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While the government continues to hide the official number of COVID-19 cases in prisons, NGOs have requested that prisoners of conscience be released to reduce the risk of infection.
PHNOM PENH--Following untold numbers of COVID-19 cases in Cambodia’s prison system, a group of 20 NGOs issued a joint statement on June 4 calling for the release of all prisoners of conscience.
“Prisoners of conscience are persons imprisoned for the peaceful expression of their political, social, religious, or other conscientiously held beliefs, or for their identity,” the statement read. “Almost all of the prisoners of conscience imprisoned in Cambodia have faced the same accusations and charges of incitement.”
The NGOs highlighted the increased risk posed to the prison population by COVID-19, citing an inability of prisoners to follow guidelines laid out by the Ministry of Health, but also noting that the gross overcrowding in almost all of Cambodia’s 28 prisons has resulted in significantly reduced hygiene standards.
This comes after a number of prisons reported outbreaks of COVID-19, but so far neither the Interior Ministry’s Prison Department nor the Ministry of Health or provincial authorities have been willing to release exact numbers.
This, coupled with the Ministry of Health’s recent decision to stop publishing COVID-19 data by province, has been seen by rights groups as a deliberate attempt to obfuscate the severity of Cambodia’s latest COVID-19 outbreak. The desire to save face, rights activists said, will cost lives and poses a health risk to both prisoners and the general public.
In their statement, the NGOs stated that prisoners of conscience should never have been arrested in the first place, claiming that they were only exercising their constitutional rights and that the continued imprisonment of those who do use their rights is an affront to the Constitution.
“Article 51 of the Cambodian Constitution states that ‘Cambodian citizens are the masters of their own country.’ However, citizens cannot be so if they are unable to participate in society and share their thoughts on political, economic, and social affairs,” the NGOs wrote.
But the government has responded, saying that the release of prisoners of conscience would itself be unconstitutional.
“In Cambodia, there are no political prisoners or prisoners of conscience as the 20 organizations claim, only politicians who are convicted committing criminal offenses,” said Chin Malin, spokesperson for the Ministry of Justice who has remained a staunch defender of Cambodia’s bloated prison population in spite of the COVID-19 risks.
Malin reiterated his common reframe when Cambodia’s judiciary faces criticism by claiming that the courts are an impartial and independent institution that cannot be influenced by the government.
Contrary to Malin’s claims, Cambodia’s courts are infamous for being controlled by the ruling Cambodian People’s Party, with party membership a de-facto requirement for judges who—according to legal experts—also need to pay a bribe to pass the bar to become lawyers, with bribes increasing in line with the seniority of the desired position within judiciary.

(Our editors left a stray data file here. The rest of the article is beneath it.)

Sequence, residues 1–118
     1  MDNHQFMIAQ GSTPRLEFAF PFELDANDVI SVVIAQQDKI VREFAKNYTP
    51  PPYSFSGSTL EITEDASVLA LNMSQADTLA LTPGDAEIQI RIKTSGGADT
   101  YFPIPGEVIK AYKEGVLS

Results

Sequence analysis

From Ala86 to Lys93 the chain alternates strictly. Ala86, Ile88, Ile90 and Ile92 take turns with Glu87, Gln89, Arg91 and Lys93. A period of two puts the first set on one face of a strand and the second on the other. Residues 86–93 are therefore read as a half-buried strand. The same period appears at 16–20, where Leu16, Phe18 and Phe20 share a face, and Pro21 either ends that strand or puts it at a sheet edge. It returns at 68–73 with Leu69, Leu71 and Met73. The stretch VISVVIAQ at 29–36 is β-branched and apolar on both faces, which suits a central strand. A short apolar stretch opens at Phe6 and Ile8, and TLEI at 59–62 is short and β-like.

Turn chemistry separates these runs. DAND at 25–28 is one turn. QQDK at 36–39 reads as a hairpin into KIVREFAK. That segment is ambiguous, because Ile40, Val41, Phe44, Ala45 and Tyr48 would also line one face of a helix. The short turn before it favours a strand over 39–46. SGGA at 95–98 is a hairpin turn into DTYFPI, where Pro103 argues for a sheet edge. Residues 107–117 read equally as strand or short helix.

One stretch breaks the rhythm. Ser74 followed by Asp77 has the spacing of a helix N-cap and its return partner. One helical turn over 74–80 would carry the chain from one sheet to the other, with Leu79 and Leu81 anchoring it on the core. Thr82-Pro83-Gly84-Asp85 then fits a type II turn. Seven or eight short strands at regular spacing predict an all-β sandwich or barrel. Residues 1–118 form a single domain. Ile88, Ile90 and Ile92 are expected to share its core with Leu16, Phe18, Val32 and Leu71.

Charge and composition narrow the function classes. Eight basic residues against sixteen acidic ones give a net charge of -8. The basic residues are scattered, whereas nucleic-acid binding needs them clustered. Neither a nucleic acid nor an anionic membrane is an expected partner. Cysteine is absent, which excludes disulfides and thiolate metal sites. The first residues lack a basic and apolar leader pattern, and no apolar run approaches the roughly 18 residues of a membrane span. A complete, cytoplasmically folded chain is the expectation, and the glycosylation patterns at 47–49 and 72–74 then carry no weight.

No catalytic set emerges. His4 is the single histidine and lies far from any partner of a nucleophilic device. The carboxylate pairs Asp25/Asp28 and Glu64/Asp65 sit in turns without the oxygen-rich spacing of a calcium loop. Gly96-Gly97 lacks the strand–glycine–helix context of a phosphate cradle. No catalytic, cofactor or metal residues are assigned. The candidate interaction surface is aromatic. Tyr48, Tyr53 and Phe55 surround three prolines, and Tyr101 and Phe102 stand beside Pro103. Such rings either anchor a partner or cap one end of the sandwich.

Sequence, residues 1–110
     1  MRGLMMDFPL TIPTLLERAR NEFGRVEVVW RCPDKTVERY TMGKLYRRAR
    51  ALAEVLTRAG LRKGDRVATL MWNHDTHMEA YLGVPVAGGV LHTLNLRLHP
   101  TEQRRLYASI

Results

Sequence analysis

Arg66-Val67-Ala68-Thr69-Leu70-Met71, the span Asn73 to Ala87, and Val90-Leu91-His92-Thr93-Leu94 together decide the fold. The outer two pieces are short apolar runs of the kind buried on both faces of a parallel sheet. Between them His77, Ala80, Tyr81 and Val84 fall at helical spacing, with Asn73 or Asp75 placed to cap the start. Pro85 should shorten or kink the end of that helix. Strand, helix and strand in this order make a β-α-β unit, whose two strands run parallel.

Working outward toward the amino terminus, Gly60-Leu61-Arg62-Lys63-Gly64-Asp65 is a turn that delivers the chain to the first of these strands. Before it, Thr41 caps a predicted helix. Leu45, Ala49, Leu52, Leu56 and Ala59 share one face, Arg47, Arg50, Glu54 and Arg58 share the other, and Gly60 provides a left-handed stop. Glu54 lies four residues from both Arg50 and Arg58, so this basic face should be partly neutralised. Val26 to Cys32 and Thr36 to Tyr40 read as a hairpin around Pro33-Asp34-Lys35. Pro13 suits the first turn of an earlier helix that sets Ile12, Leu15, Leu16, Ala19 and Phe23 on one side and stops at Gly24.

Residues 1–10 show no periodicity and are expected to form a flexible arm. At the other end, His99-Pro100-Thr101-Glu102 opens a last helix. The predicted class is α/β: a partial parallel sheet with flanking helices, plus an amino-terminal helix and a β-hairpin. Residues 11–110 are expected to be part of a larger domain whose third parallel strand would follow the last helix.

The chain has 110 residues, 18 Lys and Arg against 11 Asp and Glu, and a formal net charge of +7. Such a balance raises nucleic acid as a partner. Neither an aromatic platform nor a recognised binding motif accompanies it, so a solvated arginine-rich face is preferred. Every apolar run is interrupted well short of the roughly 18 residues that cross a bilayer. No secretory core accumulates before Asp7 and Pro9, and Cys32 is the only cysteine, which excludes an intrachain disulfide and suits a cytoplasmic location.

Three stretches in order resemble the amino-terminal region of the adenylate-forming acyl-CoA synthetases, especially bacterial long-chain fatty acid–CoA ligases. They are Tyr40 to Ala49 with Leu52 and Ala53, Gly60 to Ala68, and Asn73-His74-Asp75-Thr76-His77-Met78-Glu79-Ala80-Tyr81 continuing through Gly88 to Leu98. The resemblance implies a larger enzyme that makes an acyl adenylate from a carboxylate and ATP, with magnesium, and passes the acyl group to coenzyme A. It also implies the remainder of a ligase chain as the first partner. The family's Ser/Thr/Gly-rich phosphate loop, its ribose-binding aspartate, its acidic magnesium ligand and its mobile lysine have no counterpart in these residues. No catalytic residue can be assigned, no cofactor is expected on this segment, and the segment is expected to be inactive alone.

“In Cambodia, peaceful expression is a right, not a crime,” said Malin. “But on the contrary, an expression that affects the rights of others, national security, and public order...it is a crime.”
He added that those found guilty of committing crimes by the courts would be punished in accordance with the law.
While Malin would not detail the severity of the COVID-19 situation in Cambodia’s prisons, he said that the government was not considering the release of inmates as a measure to tackle overcrowding, although he acknowledged that overcrowding is in fact a problem.
He claimed other measures would be applied, but did not state what these measures were, when they would be implemented or on what scale.
The June 4 statement from 20 NGOs is the latest public call for better treatment of prisoners in Cambodia, with the United Nations urging the government to act with transparency regarding the spread of COVID-19 in prisons.
Human Rights Watch and Amnesty International also called on Cambodian authorities to meet their international obligations regarding the rights, health and safety of prisoners—adding that the government’s current approach is doing more harm than good.
This responsibility stems not only from the government’s role as the acting authority but from international norms and standards regulating prison settings, such as the UN Standard Minimum Rules for the Treatment of Prisoners and the UN Standard Minimum Rules for Non-Custodial Measures.
“In view of the reports of mounting COVID-19 cases within Cambodian prisons, compounded by prison overcrowding, we call on the [government] to release all non-violent prisoners of conscience as a mitigation measure to minimize the risk posed by the spread of the virus,” the June 4 statement read.